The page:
In these past weeks, Orthodox Christians around the world have been observing an annual celebration of the Holy Fathers of Nicea—bishops from across the Roman Empire and beyond who gathered in 325 A.D. to deal with the heresy of Arius, an Egyptian priest who denied that Christ was divine with the same divinity as God the Father.
This may sound like ancient, boring history to some, but Orthodoxy's continued fidelity to the faith of Nicea actually has tremendous, contemporary witness in terms of how sharply it contrasts with the ecclesiological progressivism of our age. Orthodoxy has become counter cultural by remaining traditional.
Orthodox see their vocation not as innovation, but preservation. As St. Athanasios (293-373) wrote, "What the Logos (Christ) gave, the apostles preached, and the Fathers preserved." We preserve the ancient faith of Nicea without trying to improve on it, because perfection cannot be improved upon.
Contrast this with ecclesiological progressivism—the idea that as time passes and humanity becomes wiser and more enlightened, we can and should improve the Church's doctrine and worship; that we're charged with making the Church better, more itself, by casting aside obsolete moral codes or ancient liturgical rites.
I often heard said at my mainline Protestant university that, "We don't just believe in a reformed Church, but a reforming one"—meaning a church in the constant process of trying to "find itself." A church with an identity crisis.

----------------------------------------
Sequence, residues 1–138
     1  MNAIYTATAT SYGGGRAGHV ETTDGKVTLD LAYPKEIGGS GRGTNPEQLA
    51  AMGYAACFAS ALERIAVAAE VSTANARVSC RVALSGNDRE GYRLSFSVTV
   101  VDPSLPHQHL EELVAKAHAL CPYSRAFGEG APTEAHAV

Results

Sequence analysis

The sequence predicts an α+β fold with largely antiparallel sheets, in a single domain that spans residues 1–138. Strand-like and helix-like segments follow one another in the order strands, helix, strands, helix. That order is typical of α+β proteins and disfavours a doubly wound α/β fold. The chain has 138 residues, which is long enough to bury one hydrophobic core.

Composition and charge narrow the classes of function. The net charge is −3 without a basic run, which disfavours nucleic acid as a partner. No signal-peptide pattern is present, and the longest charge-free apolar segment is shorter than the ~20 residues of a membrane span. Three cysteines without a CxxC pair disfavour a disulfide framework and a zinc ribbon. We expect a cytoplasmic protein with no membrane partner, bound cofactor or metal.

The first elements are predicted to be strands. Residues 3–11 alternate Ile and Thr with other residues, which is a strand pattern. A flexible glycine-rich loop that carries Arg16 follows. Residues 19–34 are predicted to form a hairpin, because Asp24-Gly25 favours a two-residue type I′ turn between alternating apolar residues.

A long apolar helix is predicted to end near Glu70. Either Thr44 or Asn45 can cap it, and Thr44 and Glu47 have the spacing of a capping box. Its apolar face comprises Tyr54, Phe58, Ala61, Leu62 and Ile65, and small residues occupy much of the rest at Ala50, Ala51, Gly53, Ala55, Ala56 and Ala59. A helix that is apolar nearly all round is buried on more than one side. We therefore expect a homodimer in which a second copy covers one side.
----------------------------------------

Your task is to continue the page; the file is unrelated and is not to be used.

Orthodoxy must seem rather boring by contrast, or perhaps irritatingly stubborn. In the backward Christian East, we say we need reforming, not the Church. We don't save it, it saves us. We also don't believe newer necessarily means better. Or, we don't misquote Christ as saying, "I make all new things," when He really says, "I make all things new."
And that's the challenge for Christians of a traditional, apostolic orientation: not to get locked into stale, outmoded means of communicating eternal truths, but to always be working to unfold ancient wisdom in new and challenging ways.
Yet as ecclesiological progressivism becomes more institutionalized, I'm finding more people attracted to a Church that knows what it believes, and a worship that's not about entertaining me. Tradition is gaining appeal among those tired of being experimented on and marketed to.
What's old is fresh. This takes humility to discern. You must look at the Mona Lisa and not say, "That painting is so old. Let me redo it my way."
Respect for ancient things also requires respect for the people who made them—like the fathers of Nicea.
G.K. Chesterton said, "Tradition means giving a vote to the most obscure of all classes, our ancestors. It is the democracy of the dead." I'd nuance that by reminding Chesterton (who is dead) that our God isn't the God of the dead, but the living. In Orthodoxy, tradition is the democracy of the saints. Or better yet, their benevolent dictatorship.